It’s Critical: Forage quality
Three CRITICAL reasons to produce high quality silage this year
- The more nutrients you can provide from quality, home-produced silage, the less you need to rely on bought-in feeds
- When milk and meat prices do improve, having high quality silage in store, rather than low quality, puts you in a much stronger position to increase production again
- It costs a similar amount to produce good silage as bad silage. So why produce bad silage?
With the economy of today, it’s critical for producers to get the absolute most out of their forages. High quality forages reduce out of pocket and purchased feed costs. For the most part, the input costs for those spring and summer forage crops has already been spent. Next is ensuring you can capitalize on this investment, and on the quality that those crops can provide.
Yes, inoculants come with a price, but in short, it could cost you more to not use a proven inoculant!
The critical factors that can be controlled:
- Crop maturity
- Crop moisture
- Inoculant use
Harvesting young, high protein, highly digestible spring crops or first, second and third cuttings will provide very productive forages. Missing the mark and delaying harvest of that crop by 5-10 days will significantly reduce its quality and in turn require additional purchased feed cost to maintain production at a level similar to that of the high-quality forages. We see this “miss” happen often in the spring when corn planting is occurring during forage harvest time. Simply put, park the planter!
Quality vs Quantity
Changes in yield and quality of early perennial ryegrass during spring growth
Achieving proper moisture at harvest will allow for a quality fermentation to occur and proper packing. Too wet and the potential for clostridial fermentation to occur is high. The potential for excessive leaching is also high. That effluent is not only an environmental concern, it is also full of quality nutrients you want to keep for your animals. On the other side, too dry, and silage will be at risk of spoilage; yeasts, molds and potentially mycotoxins.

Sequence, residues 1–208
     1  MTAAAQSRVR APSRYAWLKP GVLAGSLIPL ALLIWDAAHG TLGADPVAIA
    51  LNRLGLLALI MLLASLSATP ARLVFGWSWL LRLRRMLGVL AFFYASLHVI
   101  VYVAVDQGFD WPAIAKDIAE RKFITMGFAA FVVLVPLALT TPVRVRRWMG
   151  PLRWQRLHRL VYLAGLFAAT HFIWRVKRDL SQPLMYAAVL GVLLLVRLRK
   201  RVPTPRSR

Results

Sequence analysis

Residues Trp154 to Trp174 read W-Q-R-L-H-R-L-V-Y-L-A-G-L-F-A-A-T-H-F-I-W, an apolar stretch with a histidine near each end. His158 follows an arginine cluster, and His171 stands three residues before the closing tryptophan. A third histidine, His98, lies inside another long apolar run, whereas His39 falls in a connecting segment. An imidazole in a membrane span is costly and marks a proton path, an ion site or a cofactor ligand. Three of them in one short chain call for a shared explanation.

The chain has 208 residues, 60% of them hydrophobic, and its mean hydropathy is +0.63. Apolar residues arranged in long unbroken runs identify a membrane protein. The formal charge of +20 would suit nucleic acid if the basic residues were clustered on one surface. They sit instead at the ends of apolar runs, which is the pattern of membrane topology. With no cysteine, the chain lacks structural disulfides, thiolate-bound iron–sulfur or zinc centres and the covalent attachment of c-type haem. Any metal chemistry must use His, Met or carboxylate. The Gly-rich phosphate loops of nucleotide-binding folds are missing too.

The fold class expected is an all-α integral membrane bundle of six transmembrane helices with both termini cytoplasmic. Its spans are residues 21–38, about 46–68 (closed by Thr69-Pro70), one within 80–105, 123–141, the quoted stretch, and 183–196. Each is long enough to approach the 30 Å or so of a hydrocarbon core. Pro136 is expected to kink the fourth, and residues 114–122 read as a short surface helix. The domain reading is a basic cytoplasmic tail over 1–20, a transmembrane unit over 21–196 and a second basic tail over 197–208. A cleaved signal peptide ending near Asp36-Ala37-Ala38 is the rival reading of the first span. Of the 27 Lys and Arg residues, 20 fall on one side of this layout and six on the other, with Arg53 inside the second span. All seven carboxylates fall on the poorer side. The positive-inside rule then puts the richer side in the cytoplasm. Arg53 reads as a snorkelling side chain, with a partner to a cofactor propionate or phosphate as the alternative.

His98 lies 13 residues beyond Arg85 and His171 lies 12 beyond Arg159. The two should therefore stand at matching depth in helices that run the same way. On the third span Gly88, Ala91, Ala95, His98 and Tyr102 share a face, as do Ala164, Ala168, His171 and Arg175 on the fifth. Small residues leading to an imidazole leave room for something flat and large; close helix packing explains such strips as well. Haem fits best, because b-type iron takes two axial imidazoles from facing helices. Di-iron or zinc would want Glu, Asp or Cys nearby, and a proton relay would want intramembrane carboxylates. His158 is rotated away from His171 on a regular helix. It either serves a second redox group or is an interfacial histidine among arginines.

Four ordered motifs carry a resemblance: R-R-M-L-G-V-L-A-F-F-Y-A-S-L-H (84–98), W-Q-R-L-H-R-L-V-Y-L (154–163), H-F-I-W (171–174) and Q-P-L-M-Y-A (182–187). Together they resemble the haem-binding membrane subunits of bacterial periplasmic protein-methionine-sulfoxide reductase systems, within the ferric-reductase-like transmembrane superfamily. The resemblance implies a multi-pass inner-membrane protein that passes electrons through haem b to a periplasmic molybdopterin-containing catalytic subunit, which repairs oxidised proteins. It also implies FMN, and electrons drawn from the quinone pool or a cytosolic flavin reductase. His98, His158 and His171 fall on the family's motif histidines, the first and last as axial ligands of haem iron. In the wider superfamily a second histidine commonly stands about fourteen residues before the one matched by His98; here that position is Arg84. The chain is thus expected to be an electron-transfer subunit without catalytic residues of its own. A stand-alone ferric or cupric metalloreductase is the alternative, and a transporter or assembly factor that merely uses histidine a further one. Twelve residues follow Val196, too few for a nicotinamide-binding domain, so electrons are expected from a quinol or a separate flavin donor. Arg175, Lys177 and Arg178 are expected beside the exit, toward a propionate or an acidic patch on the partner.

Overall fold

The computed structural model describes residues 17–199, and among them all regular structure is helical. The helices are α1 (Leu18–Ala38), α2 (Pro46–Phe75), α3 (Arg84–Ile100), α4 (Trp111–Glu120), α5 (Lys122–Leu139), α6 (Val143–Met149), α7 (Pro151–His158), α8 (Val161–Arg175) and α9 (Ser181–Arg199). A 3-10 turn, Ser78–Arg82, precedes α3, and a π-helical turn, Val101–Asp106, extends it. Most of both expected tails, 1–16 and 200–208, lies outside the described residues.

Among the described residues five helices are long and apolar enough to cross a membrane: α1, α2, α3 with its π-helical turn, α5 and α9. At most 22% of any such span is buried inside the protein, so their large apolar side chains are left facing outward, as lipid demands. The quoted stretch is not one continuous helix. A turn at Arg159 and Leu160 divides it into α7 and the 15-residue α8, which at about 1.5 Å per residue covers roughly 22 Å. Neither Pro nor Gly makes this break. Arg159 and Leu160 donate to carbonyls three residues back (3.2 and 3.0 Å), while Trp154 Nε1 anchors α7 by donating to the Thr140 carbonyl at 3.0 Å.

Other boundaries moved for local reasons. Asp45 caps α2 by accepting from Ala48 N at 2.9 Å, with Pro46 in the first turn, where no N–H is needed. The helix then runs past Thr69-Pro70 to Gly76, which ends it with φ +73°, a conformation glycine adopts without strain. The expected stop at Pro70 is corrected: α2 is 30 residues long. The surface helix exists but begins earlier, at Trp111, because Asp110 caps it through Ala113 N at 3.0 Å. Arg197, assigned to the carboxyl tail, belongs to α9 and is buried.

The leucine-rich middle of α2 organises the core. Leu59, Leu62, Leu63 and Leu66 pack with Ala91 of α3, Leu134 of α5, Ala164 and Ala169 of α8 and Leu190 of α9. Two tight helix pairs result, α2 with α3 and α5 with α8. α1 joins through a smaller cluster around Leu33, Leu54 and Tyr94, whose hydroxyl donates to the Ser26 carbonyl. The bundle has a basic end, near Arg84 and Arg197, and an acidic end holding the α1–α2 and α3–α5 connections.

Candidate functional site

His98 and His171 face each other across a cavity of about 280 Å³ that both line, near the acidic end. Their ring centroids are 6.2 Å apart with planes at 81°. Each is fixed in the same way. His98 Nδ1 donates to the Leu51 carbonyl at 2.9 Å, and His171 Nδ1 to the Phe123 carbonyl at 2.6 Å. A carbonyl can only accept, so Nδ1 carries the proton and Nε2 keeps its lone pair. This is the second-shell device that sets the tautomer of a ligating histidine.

During harvest and storage, achieving a high packing density of around or better than 17#DM/ft3 will help eliminate oxygen during ensiling and keep it out during feed out. It will also help aid the fermentation process, as an anaerobic (without air) environment is needed for proper fermentation to occur. Proper packing also reduces DM loss (shrink) during the ensiling process.
The effect of packing density on dry matter losses after ensiling
|Silage density (Lb DM/tt3)||Dry Matter loss (%)|
Source: Ruppel, 1992
To inoculate or not?
That is the question. The answer, in short, is always “Yes”.
Yes, inoculate with a quality proven inoculant from a reliable company. Be sure to choose a product that has a good amount of independent, published data to support its efficacy. Be aware there are many inoculant products on the market today that have little or no published trial work to show they are effective.
As dairyman and cattleman, you get paid for the product you produce: milk or beef.
Your best choice is to select an inoculant, like Ecosyl or Ecocool, that has a large number of production trials showing an increase in production when cattle are fed forages that have been treated with it.
Even if you need to reduce production, feeding better quality silage made using a quality inoculant could allow you to reduce your purchased feed use more than if you were relying on feeding inferior silage made without one.
Impact of silage quality on animal performance
|Dry Matter Digestibility||75||70||65||60|
|Liveweight Gain (kg/day)(kg/day)||0.83||0.66||0.49||0.31|
(D Warner et al '17)
Remember also the importance of having enough silage to feed. Choosing to not use a proven inoculant can, based on trial data, result in shrink of 3-5%.
Check out what Ecosyl and Ecocool can do for you.